Syrian Refugees Crisis

1204 Words 5 Pages
Although there has always been tension between Syrians and their government, the tension officially erupted on March 2011 with the punishment of revolutionary teenagers. This marked the end of peaceful protests as consequences for rebelling against the government became more severe. Since then, the conflict has escalated, leading to a loss of more than 300,000 lives and the displacement of six million people throughout Middle Eastern countries. While financial aid for Syrian refugees has increased over the past decade, the rate of refugees continues to grow at a faster pace. Due to the number of refusal to help refugees, the image United States has amongst other countries has deeply suffered. “The US has the rare opportunity to nurture a generation …show more content…
Currently, this bureau is working with volunteers to provide mostly food and financial aid to Syrian refugees. While President Obama committed to allowing 10,000 refugees into the country, the amount of refugees taken in does not even equate to one percent of the population. “Since 2012, the US has accepted 2,174 Syrian refugees – roughly 0.0007% of America’s total population.” The role of members in the Foreign Service is to collaborate with other organization globally, facilitating projects, ensure maximum efficiency. While the USAID and the state department has provided millions of dollars worth of humanitarian funding, this has not been enough to support the millions of Syrians displaced amongst Middle Eastern …show more content…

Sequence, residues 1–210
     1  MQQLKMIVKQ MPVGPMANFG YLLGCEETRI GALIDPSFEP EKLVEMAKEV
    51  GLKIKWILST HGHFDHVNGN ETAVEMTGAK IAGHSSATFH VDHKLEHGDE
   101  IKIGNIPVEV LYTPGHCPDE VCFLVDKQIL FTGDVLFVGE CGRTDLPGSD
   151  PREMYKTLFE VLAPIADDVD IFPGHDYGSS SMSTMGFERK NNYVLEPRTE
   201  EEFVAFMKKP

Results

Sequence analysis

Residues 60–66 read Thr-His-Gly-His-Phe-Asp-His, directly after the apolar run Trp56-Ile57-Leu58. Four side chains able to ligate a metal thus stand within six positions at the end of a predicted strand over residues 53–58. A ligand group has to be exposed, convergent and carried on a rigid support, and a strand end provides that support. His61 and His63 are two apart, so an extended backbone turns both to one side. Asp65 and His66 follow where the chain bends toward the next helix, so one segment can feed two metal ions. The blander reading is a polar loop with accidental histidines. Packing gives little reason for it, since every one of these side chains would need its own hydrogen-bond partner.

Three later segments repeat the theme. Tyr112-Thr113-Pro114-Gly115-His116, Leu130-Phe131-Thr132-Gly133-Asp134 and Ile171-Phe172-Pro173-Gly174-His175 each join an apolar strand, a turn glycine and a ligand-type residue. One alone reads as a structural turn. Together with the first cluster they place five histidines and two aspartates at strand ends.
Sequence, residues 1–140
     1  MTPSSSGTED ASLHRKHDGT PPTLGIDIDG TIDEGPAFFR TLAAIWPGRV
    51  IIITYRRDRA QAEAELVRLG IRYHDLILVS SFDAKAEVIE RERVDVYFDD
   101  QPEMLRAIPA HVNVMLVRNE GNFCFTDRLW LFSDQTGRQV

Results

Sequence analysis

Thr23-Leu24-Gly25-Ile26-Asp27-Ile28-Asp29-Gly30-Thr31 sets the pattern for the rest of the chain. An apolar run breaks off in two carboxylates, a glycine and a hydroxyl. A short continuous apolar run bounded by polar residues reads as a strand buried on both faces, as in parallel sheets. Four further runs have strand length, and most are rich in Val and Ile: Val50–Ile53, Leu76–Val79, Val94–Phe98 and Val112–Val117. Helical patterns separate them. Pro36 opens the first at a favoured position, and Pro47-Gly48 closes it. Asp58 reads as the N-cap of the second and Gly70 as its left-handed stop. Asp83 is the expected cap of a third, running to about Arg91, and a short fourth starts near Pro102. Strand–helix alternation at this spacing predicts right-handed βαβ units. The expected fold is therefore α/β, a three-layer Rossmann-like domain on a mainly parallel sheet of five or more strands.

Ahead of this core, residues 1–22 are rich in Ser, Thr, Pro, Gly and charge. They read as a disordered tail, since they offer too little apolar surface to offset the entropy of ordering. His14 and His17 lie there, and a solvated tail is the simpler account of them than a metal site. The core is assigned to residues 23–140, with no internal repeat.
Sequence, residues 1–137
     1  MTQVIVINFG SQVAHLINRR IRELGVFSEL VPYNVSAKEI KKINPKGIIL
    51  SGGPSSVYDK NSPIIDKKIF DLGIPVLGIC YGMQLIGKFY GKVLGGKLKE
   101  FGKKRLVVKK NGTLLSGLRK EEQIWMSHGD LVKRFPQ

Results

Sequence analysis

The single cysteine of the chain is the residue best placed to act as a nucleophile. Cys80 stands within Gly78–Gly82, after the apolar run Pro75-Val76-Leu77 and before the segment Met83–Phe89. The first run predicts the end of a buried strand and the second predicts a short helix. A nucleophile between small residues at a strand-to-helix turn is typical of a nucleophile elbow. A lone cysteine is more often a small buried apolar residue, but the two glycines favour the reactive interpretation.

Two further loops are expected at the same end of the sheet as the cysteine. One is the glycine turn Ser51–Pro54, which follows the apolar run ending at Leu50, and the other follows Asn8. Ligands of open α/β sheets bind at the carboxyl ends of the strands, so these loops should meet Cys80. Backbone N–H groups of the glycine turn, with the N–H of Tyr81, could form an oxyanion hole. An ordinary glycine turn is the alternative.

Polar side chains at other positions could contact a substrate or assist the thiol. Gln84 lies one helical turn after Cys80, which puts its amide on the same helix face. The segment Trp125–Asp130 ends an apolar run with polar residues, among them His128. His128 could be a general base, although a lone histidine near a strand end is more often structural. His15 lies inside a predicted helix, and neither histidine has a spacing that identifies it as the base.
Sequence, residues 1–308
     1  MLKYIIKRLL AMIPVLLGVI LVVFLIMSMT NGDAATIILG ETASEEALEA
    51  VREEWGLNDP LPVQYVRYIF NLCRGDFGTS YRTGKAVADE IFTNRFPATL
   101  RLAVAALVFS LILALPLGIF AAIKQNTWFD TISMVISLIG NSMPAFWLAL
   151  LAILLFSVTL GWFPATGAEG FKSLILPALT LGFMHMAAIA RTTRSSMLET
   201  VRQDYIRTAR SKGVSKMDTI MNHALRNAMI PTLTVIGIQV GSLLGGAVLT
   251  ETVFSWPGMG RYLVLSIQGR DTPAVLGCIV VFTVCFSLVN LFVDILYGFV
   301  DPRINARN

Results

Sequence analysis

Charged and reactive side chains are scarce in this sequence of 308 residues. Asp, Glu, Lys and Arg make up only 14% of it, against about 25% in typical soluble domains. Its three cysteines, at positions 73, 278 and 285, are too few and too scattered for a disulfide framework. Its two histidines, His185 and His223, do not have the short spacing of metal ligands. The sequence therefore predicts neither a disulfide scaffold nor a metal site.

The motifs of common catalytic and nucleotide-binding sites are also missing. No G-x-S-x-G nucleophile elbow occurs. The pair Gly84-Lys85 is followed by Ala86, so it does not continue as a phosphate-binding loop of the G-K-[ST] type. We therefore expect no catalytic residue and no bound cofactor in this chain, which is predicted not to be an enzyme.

While much food aid has been provided to Syrian refugees, education is limited. While food is a necessity for survival, providing education for refugees will help their situation in the long run. “Syrian children -the nation’s hope for a better future- have lost loved ones, suffered injuries, missed years of schooling, and witnessed violence and brutality.” When young refugees fled from the country, their hopes of a brighter future replaced with a traumatized memory. For them not only survive, but to thrive, they need to be provided with opportunities for learning. In doing so, the United States would not only be giving them a chance to improve their living conditions, but also a chance to support their families and friends. The US foreign service can start by providing jobs in the fields of education for Syrians. Not only would this provide job opportunities for refugees, but this would also help Syria’s younger generation by teaching them necessary skills for survival. By reshaping their future, the US is investing on the possibility that they may one reshape

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